Monday, November 24, 2008
Motrin Babycarrier Ad: A lesson in Online Reputation Management
One of Motrin's recent ads in its "We Feel Your Pain" campaign became an overnight controversy to moms with babycarriers. According to Compete Pro Search Analytics, motrin.com had a 10X increase in its daily reach on the web, jumping from .002% to .02% in one day, but it may have been much ado about nothing, because those numbers faded quickly.
Here's an excerpt of the text from the commercial:
Wearing your baby seems to be in fashion. In theory it's a great idea...These things put a ton of strain on your back, your neck, your shoulders... I'll put up with the pain, because it's a good kind of pain.... because it's good for my kid...plus it totally makes me look like an official mom. And so, if I look tired and crazy, people will understand why.
Feedback from angry moms on Youtube and Twitter, pressured Johnson-Johnson to remove the ad from its website.Kathy Widmer,Vice President of Marketing for J&J's company- McNeil Consumer Healthcare,sent an apology to Forbes, and claimed that the ad "intended to demonstrate genuine sympathy and appreciation for all that parents do for their babies."
On the company's corporate blog and Motrin's site, Widmer emphasized the fact that they were learning from their mistake.
We are listening to you, and we know that’s the best place to start as we move ahead. More to come on that.In the end, we have been reminded of age-old lessons that are tried and true:When you make a mistake - own up to it, and say you’re sorry.Learn from that mistake.That’s all..for now.
Personally, I think the moms vs. versus Motrin battle offers a valuable lesson for online reputation management-.While I admire Widmer's willingness to tackle the issue directly by posting a response on the corporate blog, I think J&J may have actually drawn more negative attention to an issue that wasn't as damaging as it initially appeared. If they had monitored the negative press with more scrutiny, they probably would have seen the entire situation through a new scope. Of course, in the world of instant communication, it's tricky to see the big picture in the midst of chaos, but a closer look at the numbers reveals valuable insight that puts the negative feedback into perspective.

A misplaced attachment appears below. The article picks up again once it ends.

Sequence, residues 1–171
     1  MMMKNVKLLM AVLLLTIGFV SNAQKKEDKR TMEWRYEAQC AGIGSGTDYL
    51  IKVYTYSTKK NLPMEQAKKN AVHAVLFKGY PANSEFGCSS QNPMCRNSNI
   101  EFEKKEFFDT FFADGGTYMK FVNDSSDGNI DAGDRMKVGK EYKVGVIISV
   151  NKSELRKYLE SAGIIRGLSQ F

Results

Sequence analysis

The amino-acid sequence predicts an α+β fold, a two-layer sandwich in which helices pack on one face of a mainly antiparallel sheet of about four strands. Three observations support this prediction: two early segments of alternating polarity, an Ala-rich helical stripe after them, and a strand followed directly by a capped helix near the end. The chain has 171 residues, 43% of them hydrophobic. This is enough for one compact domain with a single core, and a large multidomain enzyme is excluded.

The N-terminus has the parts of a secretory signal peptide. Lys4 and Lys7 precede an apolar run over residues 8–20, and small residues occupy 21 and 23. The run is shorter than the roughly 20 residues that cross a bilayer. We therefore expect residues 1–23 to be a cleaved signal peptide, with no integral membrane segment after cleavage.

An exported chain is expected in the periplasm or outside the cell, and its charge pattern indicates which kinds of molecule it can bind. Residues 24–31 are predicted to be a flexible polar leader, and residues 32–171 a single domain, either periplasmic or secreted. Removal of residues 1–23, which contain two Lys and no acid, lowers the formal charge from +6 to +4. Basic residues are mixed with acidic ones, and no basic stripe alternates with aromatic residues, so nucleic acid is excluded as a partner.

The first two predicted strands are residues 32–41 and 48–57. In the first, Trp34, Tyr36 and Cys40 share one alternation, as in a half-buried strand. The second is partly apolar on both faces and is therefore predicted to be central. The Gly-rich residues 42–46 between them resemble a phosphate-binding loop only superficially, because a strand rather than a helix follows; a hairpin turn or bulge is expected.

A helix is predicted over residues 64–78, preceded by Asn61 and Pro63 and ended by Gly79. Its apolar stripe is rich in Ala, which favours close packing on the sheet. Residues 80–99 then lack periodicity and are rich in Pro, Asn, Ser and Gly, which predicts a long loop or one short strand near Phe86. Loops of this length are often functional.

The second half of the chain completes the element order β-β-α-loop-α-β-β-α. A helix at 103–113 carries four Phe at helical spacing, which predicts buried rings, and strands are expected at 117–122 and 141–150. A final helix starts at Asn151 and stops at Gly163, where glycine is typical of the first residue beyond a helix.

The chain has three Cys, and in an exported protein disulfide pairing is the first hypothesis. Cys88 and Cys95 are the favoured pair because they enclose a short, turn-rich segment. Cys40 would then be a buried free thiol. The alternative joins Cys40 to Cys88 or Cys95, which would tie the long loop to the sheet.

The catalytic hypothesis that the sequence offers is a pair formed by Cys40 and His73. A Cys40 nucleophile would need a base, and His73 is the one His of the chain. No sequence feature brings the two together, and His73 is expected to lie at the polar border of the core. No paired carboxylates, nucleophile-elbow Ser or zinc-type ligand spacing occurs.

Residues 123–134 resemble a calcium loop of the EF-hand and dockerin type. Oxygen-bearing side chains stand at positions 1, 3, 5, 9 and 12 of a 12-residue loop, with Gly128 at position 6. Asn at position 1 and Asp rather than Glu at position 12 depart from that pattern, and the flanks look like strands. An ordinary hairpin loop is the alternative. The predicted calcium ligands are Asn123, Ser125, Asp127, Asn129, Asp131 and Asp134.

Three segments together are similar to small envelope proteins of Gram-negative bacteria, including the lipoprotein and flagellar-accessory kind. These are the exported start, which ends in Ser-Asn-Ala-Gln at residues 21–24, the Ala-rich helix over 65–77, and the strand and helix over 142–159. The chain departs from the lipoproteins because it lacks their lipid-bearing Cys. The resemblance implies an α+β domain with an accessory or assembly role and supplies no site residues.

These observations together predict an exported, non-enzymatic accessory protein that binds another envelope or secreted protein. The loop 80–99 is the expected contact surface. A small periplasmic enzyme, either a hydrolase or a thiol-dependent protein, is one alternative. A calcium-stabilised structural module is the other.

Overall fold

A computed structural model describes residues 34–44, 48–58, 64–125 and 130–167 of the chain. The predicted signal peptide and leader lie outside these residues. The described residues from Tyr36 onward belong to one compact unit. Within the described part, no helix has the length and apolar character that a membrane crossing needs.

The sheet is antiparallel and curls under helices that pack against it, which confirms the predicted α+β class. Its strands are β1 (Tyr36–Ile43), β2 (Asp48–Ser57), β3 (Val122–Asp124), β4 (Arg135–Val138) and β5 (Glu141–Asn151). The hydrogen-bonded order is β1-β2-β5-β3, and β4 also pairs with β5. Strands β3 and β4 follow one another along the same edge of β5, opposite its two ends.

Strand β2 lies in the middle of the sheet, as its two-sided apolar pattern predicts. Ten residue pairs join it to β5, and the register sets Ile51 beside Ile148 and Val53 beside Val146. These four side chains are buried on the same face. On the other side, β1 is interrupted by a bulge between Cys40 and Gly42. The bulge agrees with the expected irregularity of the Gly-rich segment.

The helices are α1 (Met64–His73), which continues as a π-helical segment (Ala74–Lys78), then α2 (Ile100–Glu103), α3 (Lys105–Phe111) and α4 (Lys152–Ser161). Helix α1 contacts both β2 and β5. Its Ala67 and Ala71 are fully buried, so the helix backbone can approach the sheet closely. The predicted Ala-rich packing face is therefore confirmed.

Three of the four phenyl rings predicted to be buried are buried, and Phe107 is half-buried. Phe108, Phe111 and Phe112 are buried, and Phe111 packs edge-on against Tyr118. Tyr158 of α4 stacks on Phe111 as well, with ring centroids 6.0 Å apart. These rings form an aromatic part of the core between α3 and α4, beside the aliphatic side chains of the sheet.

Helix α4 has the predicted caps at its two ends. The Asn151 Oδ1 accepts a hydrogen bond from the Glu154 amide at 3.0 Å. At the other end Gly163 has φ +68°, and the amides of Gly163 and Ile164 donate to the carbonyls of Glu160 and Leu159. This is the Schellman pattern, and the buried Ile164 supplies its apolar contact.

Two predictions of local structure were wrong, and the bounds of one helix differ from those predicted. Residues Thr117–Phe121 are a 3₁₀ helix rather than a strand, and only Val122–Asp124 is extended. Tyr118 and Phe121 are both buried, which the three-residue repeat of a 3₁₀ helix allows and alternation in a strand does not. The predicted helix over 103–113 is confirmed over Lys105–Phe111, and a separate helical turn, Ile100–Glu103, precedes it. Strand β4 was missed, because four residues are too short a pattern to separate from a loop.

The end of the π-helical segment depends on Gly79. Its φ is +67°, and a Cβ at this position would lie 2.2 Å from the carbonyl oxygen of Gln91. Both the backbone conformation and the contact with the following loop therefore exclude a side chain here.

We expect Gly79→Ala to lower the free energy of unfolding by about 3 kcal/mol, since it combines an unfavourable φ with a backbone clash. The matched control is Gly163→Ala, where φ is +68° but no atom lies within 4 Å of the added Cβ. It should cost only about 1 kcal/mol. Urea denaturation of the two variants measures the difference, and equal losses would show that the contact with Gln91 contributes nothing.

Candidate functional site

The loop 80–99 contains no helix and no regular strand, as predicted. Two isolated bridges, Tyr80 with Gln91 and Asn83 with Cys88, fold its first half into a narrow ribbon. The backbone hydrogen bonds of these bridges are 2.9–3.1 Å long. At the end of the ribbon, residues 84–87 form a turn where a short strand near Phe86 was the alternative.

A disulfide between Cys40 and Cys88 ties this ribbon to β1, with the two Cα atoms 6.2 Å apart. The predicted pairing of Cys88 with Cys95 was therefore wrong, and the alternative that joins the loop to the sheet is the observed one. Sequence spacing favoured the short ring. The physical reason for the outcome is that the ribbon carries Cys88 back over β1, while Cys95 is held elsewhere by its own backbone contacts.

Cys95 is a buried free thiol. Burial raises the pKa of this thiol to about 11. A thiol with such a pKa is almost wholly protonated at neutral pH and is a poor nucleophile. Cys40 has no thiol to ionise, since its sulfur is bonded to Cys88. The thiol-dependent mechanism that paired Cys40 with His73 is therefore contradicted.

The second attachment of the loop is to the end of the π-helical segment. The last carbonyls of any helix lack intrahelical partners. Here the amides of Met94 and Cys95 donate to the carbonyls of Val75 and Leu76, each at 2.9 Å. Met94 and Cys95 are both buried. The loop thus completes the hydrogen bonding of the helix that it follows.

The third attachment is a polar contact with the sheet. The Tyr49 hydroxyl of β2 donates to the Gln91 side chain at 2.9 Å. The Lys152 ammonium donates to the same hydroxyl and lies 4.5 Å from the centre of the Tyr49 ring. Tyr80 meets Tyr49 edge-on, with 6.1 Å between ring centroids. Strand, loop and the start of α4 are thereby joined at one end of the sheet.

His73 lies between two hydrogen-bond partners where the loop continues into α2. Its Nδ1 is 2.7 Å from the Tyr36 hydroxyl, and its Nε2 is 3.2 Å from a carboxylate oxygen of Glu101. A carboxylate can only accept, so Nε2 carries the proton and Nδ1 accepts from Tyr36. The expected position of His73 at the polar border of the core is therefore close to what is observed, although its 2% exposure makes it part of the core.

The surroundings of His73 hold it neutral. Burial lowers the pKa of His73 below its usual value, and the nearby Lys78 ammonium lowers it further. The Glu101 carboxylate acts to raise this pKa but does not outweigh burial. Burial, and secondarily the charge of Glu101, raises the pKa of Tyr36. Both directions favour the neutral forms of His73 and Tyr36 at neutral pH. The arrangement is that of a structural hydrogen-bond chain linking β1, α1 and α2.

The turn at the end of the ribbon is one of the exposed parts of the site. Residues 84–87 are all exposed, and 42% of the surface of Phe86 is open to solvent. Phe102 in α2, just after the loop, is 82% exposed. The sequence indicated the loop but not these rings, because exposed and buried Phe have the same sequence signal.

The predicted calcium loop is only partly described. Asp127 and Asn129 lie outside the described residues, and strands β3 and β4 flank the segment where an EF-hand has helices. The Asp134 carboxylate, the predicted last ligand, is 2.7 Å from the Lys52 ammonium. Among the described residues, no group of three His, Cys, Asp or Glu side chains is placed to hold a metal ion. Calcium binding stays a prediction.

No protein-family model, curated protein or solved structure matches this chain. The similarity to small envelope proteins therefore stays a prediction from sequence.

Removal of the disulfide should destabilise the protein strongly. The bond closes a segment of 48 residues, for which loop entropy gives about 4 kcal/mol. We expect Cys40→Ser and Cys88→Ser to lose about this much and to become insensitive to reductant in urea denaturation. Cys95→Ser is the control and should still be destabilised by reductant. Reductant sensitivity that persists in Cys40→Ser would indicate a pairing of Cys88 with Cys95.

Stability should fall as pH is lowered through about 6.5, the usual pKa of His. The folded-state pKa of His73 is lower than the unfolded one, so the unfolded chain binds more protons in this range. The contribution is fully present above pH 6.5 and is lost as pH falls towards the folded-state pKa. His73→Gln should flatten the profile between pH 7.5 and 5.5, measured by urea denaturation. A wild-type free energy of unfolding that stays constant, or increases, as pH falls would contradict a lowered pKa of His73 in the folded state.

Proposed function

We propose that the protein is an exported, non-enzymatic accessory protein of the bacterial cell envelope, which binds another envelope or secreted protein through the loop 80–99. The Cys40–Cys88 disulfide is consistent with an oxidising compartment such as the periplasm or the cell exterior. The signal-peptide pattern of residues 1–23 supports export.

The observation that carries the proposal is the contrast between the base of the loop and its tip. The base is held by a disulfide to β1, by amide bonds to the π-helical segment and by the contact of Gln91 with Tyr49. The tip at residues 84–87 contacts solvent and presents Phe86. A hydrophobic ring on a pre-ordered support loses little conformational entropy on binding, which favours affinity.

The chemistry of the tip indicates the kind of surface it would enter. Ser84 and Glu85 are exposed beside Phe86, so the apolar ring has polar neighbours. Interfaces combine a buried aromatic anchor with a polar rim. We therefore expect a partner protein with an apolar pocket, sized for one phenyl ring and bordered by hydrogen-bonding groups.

For example, look at the data Tom Martin from Adage, found. He believes J&J overreacted to a vocal minority. From Nov. 14-16, he found about 300 to 400 blog posts on the subject (depending on keyword string) and 3,000 posts if you track through to Nov. 18. But the vast majority of it was after the issue surfaced and bloggers (including males) around the world simply commented on a hot topic. His poll of 150 heavy internet-using moms showed that 145 of them are unaware of the campaign or backlash. And of the five that were, not one was planning to boycott or complain to Motrin.
Peter Kafka, another contributor to Adage, made a great point about the online buzz. He said:
"Even if the outrage is widespread, it’s going to be hard make a connection between online chatter and real-world results. Otherwise Ron Paul would be the 44th President of the United States."
The bottom line: Analyze as much vital as data as quickly and efficiently as you can, before you throw in the towel on a costly marketing campaign.Otherwise, you may just dig yourself a deeper hole.
By Matt O'Hern at 12:43 PM | Comments (1)